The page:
“My family had everything on the line at that point in our lives,” she says, adding that their survival hinged upon her dad’s success in school; they had no safety net.
Within a few years, once her father received his doctoral degree, the family’s circumstances improved again. Paul remembers that at every turn, her parents instilled in her the value of education.
But, because her parents couldn’t afford to pay for her education, Paul’s only recourse was to do well in school and pray for a scholarship.
“Miraculously, I earned a full merit scholarship to Boston University,” she says. “And that’s when my life started changing for the better.”
For the first time, Paul was living by herself in a big city and earning her own income. Motivated by the struggles of her upbringing, she found herself interested in the field of economics.
“I was always curious about the world around me, and why some people can’t break out of the cycle of poverty while others seem to be getting richer and richer,” she says.
Before coming to Northeastern, she worked at a public policy think tank in Washington, D.C., where she learned about the applications of economics in society, and obtained a master’s degree in economics at the George Washington University.
Now under the guidance of Northeastern associate professor Alicia Modestino, Paul is analyzing the impact of private and public summer jobs programs on high school students’ academic and future employment outcomes. She also wants to better understand the barriers to opportunities faced by youth in the U.S. and other countries. Paul hopes that her work will yield solutions to mitigate the economic inequality they may face later in life.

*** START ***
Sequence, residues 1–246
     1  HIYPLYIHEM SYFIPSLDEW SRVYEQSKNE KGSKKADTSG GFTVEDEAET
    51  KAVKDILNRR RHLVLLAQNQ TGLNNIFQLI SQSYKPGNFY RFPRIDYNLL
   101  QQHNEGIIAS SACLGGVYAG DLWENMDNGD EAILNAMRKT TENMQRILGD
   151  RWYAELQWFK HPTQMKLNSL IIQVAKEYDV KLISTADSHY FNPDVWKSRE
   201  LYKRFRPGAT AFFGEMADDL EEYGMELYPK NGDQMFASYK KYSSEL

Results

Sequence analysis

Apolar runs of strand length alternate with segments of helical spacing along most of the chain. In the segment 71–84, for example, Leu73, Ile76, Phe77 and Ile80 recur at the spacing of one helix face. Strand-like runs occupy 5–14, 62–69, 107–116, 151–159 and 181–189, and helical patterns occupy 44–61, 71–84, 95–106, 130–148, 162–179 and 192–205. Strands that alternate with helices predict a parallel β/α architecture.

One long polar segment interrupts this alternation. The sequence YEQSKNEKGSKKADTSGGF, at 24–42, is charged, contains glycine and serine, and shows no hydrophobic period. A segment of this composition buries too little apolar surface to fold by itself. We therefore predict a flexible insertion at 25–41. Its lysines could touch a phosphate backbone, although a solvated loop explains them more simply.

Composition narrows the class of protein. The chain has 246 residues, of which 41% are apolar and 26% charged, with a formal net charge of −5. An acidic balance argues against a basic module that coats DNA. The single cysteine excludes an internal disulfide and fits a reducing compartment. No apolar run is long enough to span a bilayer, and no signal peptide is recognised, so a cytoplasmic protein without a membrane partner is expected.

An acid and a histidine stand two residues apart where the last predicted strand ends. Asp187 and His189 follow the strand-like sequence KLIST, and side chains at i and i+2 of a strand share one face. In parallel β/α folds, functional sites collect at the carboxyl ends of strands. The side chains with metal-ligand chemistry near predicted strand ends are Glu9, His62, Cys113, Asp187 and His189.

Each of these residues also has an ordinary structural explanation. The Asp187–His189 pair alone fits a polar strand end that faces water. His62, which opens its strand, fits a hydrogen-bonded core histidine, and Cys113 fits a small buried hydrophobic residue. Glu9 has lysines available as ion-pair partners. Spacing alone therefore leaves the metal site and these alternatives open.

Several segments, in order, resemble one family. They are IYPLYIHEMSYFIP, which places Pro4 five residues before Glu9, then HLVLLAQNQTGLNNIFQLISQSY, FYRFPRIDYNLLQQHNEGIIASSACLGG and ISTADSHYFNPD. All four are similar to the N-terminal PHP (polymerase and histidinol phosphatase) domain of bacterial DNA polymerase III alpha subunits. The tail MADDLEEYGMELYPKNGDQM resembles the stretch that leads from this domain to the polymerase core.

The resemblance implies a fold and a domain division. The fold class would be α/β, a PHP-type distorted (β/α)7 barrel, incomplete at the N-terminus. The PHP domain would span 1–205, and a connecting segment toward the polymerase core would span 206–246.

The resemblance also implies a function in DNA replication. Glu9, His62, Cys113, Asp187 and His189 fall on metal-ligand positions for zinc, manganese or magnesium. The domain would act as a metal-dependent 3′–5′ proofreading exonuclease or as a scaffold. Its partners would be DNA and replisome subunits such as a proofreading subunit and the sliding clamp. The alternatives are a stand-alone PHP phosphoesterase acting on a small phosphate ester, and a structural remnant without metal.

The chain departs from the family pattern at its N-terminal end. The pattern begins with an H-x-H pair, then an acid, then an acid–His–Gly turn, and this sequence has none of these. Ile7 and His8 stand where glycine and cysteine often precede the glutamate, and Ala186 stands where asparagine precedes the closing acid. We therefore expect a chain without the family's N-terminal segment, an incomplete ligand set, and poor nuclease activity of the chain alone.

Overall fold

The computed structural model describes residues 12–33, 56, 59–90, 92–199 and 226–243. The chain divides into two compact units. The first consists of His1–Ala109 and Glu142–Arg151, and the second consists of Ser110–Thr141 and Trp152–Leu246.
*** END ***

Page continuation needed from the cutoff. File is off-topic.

“I feel that this is important because a lot of the crucial steps that brought me to where I am today happened during my teenage years, and that helped me break out of the economic barriers that life threw at me,” she says. “If I hadn’t broken out of these barriers at the crucial age between high school and college, I could have been in a very different place now.”
Paul is also studying how changes in the environment are affecting the farmers who reside in the coastal regions of Bangladesh, a pressing issue in a country that is at risk of being covered by water as sea levels rise due to global warming.
“Part of my research will look into the effect of groundwater salinity on poverty in Bangladesh,” she says. “If I can show that there is a significant negative impact of the rise in groundwater salinity due to sea levels rising in coastal Bangladesh, then I would hope that policymakers would take this into account and try to figure out feasible solutions for affected farmers, such as where they can relocate, and what crops they can produce to adapt to this inevitable climate change.”
Paul was recently awarded a grant from the William T. Grant Foundation, which will enable her to attend academic conferences, purchase datasets for her dissertation, and participate in research training programs.
This month, Paul is helping to organize a conference that will showcase diversity within the field of economics. Titled “DIVERSEecon,” the conference will take place Oct. 30 at 4:30 p.m. in room 340 of the Curry Student Center on the Boston campus.